Gov. Andrew M. Cuomo and Mayor Bill de Blasio on Sunday both evoked and commended Pope Francis' message of social and economic justice before the pontiff's visit this week to New York City.
"Repentance, forgiveness, non-judgementalism, nondiscrimination, helping those who are less fortunate, that's Pope Francis' gospel," Cuomo said at a service at Mount Neboh Baptist Church in Harlem. "There's an opportunity for us, because the essential message is do justice."
The governor said Francis has "transcended" Catholics and Christians and been embraced by all religions.
De Blasio, in an interview on ABC's "This Week," shared the same sentiment, saying, "His holiness has captured the imagination of the entire world -- Catholic believers and nonbelievers and people of all faiths -- because he's talking about what a moral structure looks like that actually is inclusive."
The mayor said the Catholic church preaches "fairness in every sense."
He and Cuomo, fellow Democrats and frequent political rivals, took to separate pulpits Sunday to promote separate agenda items using the pope's call for justice and equity. De Blasio, at the Christian Cultural Center in East New York, Brooklyn, called for raising standards in education while Cuomo at Mount Neboh called for the raising of the state's minimum wage.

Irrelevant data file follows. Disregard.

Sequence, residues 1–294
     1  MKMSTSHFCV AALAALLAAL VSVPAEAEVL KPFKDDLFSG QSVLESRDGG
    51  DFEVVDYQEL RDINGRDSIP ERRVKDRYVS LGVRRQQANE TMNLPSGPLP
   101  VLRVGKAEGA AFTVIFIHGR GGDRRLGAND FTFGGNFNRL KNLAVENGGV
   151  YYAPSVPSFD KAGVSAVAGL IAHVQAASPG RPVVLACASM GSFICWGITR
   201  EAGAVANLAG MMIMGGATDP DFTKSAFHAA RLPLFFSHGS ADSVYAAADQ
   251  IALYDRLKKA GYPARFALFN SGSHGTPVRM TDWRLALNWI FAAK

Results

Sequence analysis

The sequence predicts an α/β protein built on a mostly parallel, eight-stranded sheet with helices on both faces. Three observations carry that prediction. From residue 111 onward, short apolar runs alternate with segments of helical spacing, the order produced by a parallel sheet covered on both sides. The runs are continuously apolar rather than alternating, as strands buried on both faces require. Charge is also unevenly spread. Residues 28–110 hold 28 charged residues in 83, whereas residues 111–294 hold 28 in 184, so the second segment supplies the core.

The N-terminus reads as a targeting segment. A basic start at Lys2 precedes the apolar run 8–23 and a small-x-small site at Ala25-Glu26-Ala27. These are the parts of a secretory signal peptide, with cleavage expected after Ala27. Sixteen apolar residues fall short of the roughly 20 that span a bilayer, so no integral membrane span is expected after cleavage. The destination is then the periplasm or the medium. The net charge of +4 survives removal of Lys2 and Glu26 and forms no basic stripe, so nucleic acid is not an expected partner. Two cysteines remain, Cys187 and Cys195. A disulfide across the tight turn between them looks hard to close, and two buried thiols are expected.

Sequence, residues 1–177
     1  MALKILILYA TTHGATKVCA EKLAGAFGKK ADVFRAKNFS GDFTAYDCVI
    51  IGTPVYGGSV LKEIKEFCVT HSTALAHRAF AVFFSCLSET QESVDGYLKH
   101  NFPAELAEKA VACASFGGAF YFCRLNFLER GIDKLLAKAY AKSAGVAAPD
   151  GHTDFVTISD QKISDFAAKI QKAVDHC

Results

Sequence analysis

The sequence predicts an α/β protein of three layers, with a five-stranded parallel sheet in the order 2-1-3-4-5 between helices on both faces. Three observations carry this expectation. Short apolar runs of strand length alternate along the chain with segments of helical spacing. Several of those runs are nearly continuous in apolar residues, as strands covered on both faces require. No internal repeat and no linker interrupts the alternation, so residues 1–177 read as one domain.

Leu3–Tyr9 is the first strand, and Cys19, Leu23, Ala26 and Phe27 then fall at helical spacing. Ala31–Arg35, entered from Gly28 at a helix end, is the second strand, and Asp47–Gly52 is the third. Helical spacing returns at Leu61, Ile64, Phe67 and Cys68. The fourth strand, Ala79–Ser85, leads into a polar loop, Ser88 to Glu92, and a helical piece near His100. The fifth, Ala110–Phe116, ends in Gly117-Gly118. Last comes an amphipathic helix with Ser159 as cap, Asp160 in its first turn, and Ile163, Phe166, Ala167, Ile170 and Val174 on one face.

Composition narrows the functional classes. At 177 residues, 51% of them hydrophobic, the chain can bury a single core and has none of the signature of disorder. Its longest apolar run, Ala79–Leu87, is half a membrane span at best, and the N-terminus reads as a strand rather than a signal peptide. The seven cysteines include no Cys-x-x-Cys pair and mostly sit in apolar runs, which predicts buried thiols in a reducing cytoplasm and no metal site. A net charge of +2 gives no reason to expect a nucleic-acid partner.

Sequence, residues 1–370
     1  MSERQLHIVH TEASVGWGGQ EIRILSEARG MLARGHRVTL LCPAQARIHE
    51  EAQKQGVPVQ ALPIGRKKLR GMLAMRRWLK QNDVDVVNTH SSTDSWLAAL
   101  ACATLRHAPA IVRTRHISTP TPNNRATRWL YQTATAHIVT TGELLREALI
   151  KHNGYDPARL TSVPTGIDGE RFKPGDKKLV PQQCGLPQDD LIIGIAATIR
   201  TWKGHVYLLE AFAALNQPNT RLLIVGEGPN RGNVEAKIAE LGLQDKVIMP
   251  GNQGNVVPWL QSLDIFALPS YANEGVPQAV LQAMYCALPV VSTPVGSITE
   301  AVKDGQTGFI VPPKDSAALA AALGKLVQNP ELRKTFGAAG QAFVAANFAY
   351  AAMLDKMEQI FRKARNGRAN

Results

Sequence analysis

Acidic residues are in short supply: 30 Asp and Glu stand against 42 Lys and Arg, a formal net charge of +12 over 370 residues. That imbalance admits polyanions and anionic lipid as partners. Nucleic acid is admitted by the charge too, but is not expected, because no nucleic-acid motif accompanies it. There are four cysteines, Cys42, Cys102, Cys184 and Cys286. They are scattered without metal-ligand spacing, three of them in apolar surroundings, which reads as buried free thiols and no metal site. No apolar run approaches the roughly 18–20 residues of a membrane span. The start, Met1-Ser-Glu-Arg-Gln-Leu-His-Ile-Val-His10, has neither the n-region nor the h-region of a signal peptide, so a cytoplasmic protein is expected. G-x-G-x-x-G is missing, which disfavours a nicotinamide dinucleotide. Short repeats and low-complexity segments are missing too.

The governor urged the parishioners to back his push for a $15 minimum wage for all workers. His office later Sunday said 96 clergy members had signed on to the Mario Cuomo Campaign for Economic Justice, named for the former governor, Andrew Cuomo's late father.
"Despite all this wealth . . . poverty is still the same," Cuomo said. "Well, government can do something about it, we set the minimum wage."
Fast-food workers, who Cuomo announced earlier this month will earn a phased-in $15 minimum wage, live below the poverty level on their current minimum wages and thus, qualify for taxpayer-funded government aid, the governor said.
"We are subsidizing McDonalds to pay their workers a low wage, and we are then compensating with taxpayers' dollars," he said. "I want to get outta the hamburger business!"
De Blasio touted his Equity and Excellence education plan, which in part aims to raise graduation rates, produce college-ready students and require computer science of all kids across grades and neighborhoods.
"Every child in every classroom deserves a future that isn't limited by their ZIP code," he said. "It's as simple as that."